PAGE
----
Adjusted Monetary Base Explodes

The adjusted monetary base was a little slow taking off after the Fed initially announced QE3 back in September 2012.  Then it added to its QE with an announcement of more money creation in December.  Now we are starting to see it all show up in the monetary base.

I like to use the monetary base because it is the amount that the Fed directly controls.  It is the money supply.  While there are other measures and charts that are important, the monetary base really tells us if Bernanke and the Fed are doing what they say they are doing.

This is what the long-term chart of the adjusted monetary base looks like now.



For a shorter-term look, you can go here.

Since the end of December (a little over 2 months ago), the monetary base has gone from a little under $2.65 trillion to over $2.9 trillion.  That means, in about two months time, the monetary base has gone up over $250 billion.  This is quite extraordinary when you consider that the total monetary base was less than $900 billion just before the fall of 2008.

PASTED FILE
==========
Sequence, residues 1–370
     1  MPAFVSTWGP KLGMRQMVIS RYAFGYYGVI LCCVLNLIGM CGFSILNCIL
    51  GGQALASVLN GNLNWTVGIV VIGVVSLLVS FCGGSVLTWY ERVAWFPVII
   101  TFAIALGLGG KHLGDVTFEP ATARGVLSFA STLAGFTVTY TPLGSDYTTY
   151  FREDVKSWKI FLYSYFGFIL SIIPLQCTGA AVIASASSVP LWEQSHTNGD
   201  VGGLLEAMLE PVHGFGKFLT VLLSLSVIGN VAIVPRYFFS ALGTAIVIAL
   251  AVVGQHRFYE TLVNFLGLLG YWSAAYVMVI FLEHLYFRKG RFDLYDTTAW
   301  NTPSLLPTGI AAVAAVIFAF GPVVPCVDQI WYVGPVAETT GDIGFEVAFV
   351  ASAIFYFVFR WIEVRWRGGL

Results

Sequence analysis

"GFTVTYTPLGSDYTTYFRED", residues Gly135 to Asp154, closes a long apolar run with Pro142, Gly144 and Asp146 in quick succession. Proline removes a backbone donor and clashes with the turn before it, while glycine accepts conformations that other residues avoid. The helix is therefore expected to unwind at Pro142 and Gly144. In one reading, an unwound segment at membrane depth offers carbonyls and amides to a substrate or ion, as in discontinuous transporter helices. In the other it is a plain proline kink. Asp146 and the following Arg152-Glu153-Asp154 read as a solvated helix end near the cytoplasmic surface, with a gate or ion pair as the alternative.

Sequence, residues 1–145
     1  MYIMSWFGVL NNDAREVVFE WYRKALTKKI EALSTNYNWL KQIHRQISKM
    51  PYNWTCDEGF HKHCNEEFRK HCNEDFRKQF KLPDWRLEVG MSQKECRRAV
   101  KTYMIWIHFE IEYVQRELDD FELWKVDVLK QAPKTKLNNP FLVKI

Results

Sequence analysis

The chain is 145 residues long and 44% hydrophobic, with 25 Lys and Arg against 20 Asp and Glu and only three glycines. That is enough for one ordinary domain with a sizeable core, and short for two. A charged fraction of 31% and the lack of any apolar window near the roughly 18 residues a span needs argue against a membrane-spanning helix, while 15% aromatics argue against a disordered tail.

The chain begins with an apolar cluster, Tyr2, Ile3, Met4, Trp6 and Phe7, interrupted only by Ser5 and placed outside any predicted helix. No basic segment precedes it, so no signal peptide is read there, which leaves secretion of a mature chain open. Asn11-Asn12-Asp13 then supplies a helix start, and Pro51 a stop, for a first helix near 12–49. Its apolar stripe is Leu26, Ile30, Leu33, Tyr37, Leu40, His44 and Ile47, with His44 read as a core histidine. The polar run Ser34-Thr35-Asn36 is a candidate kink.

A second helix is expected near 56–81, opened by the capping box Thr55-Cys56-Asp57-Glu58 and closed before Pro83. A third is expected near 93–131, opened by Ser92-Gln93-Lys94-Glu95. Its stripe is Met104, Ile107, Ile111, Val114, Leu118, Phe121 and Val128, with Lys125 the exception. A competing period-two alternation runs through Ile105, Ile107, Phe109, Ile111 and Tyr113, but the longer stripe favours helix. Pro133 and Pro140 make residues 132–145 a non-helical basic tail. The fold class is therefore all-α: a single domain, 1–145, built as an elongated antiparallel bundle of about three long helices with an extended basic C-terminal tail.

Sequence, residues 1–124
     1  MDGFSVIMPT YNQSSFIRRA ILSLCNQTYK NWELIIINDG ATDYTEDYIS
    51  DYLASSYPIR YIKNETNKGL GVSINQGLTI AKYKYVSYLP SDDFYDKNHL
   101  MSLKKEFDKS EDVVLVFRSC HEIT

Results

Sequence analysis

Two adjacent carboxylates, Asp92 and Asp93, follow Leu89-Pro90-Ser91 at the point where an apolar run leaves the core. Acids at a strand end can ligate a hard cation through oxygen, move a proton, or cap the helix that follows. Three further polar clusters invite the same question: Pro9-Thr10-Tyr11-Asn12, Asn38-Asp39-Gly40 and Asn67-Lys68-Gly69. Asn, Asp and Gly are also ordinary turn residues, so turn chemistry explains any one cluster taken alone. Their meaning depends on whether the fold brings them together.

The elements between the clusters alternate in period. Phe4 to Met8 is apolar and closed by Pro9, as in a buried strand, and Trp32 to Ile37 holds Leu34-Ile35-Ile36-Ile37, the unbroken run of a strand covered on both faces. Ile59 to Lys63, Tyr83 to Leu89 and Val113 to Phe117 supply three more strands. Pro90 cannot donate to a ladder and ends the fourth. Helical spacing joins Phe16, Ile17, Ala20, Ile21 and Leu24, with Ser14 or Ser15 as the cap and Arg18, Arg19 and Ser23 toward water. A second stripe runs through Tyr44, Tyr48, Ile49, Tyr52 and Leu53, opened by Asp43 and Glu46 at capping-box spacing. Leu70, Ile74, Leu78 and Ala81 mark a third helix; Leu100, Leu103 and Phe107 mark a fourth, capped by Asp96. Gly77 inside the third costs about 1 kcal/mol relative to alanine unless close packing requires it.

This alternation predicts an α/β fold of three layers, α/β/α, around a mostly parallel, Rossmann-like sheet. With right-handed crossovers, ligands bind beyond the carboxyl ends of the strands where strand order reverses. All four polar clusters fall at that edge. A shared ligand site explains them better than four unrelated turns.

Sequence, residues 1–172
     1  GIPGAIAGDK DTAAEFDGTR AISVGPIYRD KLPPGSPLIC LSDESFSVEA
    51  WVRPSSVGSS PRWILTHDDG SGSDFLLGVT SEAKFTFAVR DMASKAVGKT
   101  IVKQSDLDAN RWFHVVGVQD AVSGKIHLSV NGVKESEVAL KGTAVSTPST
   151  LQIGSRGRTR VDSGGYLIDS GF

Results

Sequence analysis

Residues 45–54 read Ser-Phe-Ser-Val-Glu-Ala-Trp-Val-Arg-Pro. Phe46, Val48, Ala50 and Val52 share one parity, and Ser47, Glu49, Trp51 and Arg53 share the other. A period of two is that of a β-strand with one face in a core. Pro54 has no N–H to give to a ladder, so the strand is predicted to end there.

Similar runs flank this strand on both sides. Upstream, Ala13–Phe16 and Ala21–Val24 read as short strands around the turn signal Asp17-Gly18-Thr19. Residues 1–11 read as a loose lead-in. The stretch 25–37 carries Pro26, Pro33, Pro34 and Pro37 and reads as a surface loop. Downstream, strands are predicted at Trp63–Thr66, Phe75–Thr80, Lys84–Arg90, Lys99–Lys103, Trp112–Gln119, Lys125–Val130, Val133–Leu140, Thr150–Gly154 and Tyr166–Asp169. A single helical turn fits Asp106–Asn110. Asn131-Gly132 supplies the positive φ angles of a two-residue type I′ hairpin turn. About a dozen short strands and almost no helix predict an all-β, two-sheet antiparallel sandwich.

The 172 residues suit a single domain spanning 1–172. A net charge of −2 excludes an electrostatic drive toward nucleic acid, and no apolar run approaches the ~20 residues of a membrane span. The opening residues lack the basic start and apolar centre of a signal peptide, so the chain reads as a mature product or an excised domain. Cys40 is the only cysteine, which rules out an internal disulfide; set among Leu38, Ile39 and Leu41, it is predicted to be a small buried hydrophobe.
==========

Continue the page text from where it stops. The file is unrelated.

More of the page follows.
If the Fed holds true to its word, then we will likely see over $900 billion added to the monetary base just in 2013 alone.  In monetary terms, this is massive inflation.

We will also continue to keep an eye on the excess reserves held by commercial banks.  If this does not continue to go up with the money supply, then we can expect higher price inflation to happen sooner rather than later.  If the excess reserves keep going up, then it may take a little more time for things to develop.

Of course, we are already seeing asset prices go up.  We cannot expect to see the monetary base go up by this much and not see higher price inflation and/or higher asset prices.

2013 will be an interesting year and probably not in a good way.  We may have to wait until 2014 until we really start to see the devastating effects of a reckless monetary policy.